Yet again I am going to postpone writing about the eruption at Heimaey in 1973, which seems to have become my theme intro. Instead I am going to tell you about Iceland‘s friends, provide a few examples of such persons and tell you what it takes to be a member of this select clan.
I am prompted to tell you about this because of Gerard Butler, a Scottish actor who recently gave an interview to British news-paper „News of the World“ where he mentioned that his two favourite places in the world are Scotland and Iceland. He went on to say that there was something harsh and primal about Iceland that had an inexplicable effect on him. He mentioned the glaciers, the volcanoes, the black sandy beaches, the hot springs and last but not least the people who he said were very spiritual and great. This interview made the headlines here and was recited in every paper – prominently. Much emphasis was placed on his positive attitude towards the country – less on a statement regarding him liking to wear women‘s clothes and makeup contained in the same interview.
Gerard Butler has now earned the public title „friend of Iceland“ which will now be tagged to his name in every article he is mentioned, joining the ranks of numerous others who came before him. One that comes to mind is Kiefer Sutherland who at one point made the news here for buying an Icelandic sweater, the article even contained a picture of the actual sweater, see accompanying photo. Now Kiefer actually had to do more than sweater shopping to earn the title, he spent New Year‘s here some years ago and subsequently mentioned on David Letterman’s Late Show that he loved Iceland, saying that the country was amazing, he had never felt as welcome in a foreign country and that the firework pandemonium to celebrate the passing of time was something to behold. Kiefer had been very impressed by a six year old carrying a 15 kilo explosive, followed by a three year old in charge of the matches and was in really positive towards Iceland in his brief travel log recital. Obviously this became news in Iceland and Keifer Sutherland became known in the media and elsewhere as “a friend of Iceland”.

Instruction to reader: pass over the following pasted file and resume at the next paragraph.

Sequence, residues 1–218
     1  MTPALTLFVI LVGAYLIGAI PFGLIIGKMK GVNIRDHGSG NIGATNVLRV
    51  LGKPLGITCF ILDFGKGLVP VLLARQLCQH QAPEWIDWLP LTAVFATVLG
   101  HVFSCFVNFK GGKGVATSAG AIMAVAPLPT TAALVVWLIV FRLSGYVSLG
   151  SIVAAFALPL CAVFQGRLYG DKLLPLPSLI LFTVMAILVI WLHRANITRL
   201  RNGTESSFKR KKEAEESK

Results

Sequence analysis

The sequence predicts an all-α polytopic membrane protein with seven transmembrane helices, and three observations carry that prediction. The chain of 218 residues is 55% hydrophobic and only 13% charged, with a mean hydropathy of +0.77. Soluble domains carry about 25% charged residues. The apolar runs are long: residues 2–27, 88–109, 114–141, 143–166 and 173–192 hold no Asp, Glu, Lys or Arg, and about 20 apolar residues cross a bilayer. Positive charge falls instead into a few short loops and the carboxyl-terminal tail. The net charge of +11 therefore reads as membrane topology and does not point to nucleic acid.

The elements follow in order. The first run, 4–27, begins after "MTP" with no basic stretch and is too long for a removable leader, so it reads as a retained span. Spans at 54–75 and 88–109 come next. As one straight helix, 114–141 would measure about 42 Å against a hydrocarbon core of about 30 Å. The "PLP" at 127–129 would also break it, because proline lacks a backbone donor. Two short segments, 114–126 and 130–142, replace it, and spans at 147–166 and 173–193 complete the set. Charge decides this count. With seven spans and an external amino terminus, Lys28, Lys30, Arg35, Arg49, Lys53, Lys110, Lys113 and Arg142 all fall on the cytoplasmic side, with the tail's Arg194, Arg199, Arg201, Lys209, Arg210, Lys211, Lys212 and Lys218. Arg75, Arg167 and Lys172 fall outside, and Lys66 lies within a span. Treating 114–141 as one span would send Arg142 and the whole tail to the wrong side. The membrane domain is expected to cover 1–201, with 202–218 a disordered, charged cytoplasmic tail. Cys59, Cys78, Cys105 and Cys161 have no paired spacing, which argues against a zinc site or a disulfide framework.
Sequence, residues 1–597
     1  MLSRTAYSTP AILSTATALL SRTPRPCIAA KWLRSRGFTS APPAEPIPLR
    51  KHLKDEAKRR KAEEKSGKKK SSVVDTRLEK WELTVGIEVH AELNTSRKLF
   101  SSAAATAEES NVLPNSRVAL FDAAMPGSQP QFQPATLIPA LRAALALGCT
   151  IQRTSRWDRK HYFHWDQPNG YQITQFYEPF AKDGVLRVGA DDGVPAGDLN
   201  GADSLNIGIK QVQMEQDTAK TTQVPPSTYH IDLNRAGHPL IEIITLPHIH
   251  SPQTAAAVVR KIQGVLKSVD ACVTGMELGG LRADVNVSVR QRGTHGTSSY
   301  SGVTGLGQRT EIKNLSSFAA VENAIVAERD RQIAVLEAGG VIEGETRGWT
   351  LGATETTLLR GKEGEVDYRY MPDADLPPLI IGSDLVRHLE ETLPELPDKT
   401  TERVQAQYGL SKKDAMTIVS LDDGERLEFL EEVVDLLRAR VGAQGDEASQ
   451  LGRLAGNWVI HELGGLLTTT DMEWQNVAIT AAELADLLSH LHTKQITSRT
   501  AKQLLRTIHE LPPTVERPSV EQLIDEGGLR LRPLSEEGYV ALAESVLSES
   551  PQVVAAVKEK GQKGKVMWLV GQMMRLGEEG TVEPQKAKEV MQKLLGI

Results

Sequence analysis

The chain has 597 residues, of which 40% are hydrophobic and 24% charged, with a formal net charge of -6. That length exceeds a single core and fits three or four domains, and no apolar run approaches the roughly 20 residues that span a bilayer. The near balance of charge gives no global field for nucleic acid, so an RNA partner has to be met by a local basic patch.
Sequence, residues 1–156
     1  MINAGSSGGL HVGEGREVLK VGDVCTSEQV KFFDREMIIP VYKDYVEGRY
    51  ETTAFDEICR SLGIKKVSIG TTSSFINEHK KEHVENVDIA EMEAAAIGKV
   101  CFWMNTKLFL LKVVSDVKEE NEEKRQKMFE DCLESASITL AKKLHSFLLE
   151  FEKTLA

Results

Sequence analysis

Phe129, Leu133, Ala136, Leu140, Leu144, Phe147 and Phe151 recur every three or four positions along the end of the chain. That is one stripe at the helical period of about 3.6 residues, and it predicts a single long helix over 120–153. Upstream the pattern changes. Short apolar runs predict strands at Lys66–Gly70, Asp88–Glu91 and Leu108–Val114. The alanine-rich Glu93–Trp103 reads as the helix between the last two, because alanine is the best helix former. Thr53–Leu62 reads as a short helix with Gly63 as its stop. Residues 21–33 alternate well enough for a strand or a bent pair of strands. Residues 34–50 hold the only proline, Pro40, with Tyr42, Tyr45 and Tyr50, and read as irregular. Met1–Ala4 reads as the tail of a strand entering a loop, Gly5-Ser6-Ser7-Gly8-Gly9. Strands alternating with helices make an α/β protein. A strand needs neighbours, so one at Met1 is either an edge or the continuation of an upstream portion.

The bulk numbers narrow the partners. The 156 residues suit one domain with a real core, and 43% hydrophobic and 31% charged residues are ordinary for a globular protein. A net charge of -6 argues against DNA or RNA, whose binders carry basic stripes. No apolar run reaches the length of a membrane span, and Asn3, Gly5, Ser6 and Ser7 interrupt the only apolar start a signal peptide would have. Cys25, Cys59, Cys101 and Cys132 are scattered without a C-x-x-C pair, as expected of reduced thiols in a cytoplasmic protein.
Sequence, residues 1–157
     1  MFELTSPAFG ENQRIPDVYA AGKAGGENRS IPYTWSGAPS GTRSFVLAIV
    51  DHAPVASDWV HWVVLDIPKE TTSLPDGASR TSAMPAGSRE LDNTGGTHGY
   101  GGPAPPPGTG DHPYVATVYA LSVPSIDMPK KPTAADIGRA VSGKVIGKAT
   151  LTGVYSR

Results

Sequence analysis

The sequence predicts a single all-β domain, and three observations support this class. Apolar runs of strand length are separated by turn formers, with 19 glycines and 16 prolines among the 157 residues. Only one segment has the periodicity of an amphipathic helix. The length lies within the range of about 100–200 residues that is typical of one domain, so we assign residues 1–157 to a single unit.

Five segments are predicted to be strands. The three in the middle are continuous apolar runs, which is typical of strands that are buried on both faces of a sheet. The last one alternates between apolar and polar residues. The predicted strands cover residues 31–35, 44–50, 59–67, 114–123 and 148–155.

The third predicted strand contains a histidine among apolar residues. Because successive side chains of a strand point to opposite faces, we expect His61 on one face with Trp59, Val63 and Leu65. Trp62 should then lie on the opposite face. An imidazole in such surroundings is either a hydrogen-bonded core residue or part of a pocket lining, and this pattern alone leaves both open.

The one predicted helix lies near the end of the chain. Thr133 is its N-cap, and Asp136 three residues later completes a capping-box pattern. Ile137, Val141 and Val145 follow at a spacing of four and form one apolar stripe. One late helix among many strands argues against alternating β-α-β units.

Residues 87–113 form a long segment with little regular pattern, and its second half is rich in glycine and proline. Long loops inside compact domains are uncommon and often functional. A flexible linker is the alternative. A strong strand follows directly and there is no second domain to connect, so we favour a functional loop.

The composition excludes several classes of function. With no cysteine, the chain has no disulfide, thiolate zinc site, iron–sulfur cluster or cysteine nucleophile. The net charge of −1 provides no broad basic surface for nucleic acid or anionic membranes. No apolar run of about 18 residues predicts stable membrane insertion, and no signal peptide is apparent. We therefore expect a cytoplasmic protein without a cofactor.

I’m sure by now you have figured it out. To become an official friend of Iceland you must: A) visit Iceland, B) appear in print or some form of media telling the world how great Iceland is (preferably while wearing Icelandic clothing) and C) be a celebrity. What might not be as clear is that it is also possible to lose this title, something that almost happened to Quentin Tarantino who held on to it at one point only by the skin of his teeth. Now this famous director has been a friend of Iceland for a very long time, visiting quite often and every now and again mentioning this to the foreign press along with comments about beautiful women, beautiful countryside and so on. Like Kiefer Sutherland he was also caught buying Icelandic clothing, albeit not woollen sweaters but a bit cooler 66°N outdoor stuff. The photo above is also taken from the Icelandic news, it appeared originally in the Telegraph (British) and if you go get a magnifying glass (or zoom in real close) you can see that his cap bears this company’s logo, which is precisely why the photo made the Icelandic news in the first place. The accompanying headline: “Quentin Tarantino wears 66°N cap in interview!”